The first step consists of providing (business) models of the procedures under evaluation (Step 1 of Figure 2). These models are meant to describe the process or the processes to be analyzed, and to define how assets are elaborated and transformed by such procedures. In order to ease the task of translating the models into executable specification, we decided to stick to a subset of the UML, that allows us to describe the domain concepts in a strict and defined way (see ). The model contains information about the procedures (workflows), the assets used, their features, and the actors and their role when participating to different workflows.
So far we managed to provide UML models of the electoral procedures in place in the Autonomous Province of Trento and in Regione Friuli Venezia Giulia. We use Visual Paradigm 3 as our reference modeling tool. See [16,17] for more details about the notation, tool support, and the model themselves.
The second step consists of ``injecting`` threat actions into the model and generate what we call extended model (Step 2 of Figure 2). A threat is an action that alters some features of an assets or allows some actors privileges (e.g. a ``read'' privilege) on some assets. Thus, in the extended model, not only assets are modified according to what the procedures define, but they can also be transformed by the (random) execution of one or more threat actions. Since attacks depend on what threat-actions are carried out, the effectiveness of the analysis depends upon the threat actions that are defined and the injection strategy that is chosen. With respect to the first point (threat action), we allow attackers any possible privilege and action to assets. With respect to the second point, it turns out that the best and most general strategy is that of injecting all possible threat-actions at all possible steps of the nominal procedures (the model checker will then take care of ``pruning'' useless threats, namely threats which do not lead to any successful attack). The construction of the extended model, whose generation can be automated, is currently performed by hand.
The third step is encoding the asset model into executable specification (Step 3 of Figure 2). From the extended models defined at the previous step we derive executable specification that define how each asset is manipulated by the procedures. Asset flows are represented in the NuSMV input language . The NuSMV model of the asset flows is based on the definition of ``program counters'' that ensure that procedures are executed according to the specifications, and by defining one module per asset with one state variable per asset-feature. The state variables encode how features change during the execution of the procedures. Accessory information, such as actors responsible for the different activities can be used, e.g., to express security properties, which, in turn, are verified against the asset model.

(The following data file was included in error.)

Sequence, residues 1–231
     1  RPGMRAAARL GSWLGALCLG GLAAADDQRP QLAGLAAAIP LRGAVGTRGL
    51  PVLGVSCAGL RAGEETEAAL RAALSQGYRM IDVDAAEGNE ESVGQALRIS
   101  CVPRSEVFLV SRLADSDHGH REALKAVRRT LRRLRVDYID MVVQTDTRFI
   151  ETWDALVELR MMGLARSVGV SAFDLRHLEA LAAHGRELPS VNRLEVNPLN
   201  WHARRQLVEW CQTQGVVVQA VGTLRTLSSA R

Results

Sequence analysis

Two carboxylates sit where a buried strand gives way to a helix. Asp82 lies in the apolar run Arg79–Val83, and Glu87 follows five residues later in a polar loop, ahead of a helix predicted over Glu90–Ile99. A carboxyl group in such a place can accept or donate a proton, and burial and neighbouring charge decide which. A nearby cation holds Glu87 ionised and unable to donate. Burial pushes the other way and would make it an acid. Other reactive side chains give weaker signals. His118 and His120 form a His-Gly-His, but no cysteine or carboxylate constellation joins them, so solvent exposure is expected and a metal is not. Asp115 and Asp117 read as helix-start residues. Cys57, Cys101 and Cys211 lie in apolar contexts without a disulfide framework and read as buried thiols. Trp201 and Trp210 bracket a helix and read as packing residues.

The fourth step is specifying security properties to model check. The specification of the desired (procedural) security properties, namely, the security goals that have to be satisfied are then encoded using LTL/CTL formula. Asset flows and security properties are then the input to NuSMV.
In step five (Step 5 of Figure 2) we perform analyses, namely, we run the model checker and collect results (counter-examples). Counter-examples of security properties found by the model checker encode sequences of actions that, if executed, pose a threat to security of one or more assets. In standard situations, the counter-example will contain the execution of one (or more) asset threat. A counter-example in which no asset threats need to be executed would show an inherent weakness in the nominal workflows or, otherwise, an error in the specifications.
The last step consists in analyzing the obtained results (Step 6 of Figure 2), by looking at the counter-examples generated by the model-checker. In particular some of the information we are interested in is:
This step allows us to achieve two goals. First, it allows us to understand what are the hypotheses and conditions under which a given security goal is achieved or breached. Second, it provides information to try and modify the existing procedures, so that security breaches can be taken care of.
The analysis approach we take is very similar to that of FSAP/NuSMV-SA , for safety analysis, whereby a system specification is ``enriched'' with information about faults and analyzes are carried out to understand the effect and impact of faults on safety requirements expressed in the form of LTL/CTL formulae. Analogously to what happens in safety analysis when analyzing, e.g., the loss of a critical functions, enhancing the procedures results in reducing the probability of an attack or making the attack more complex, rather than eliminating it.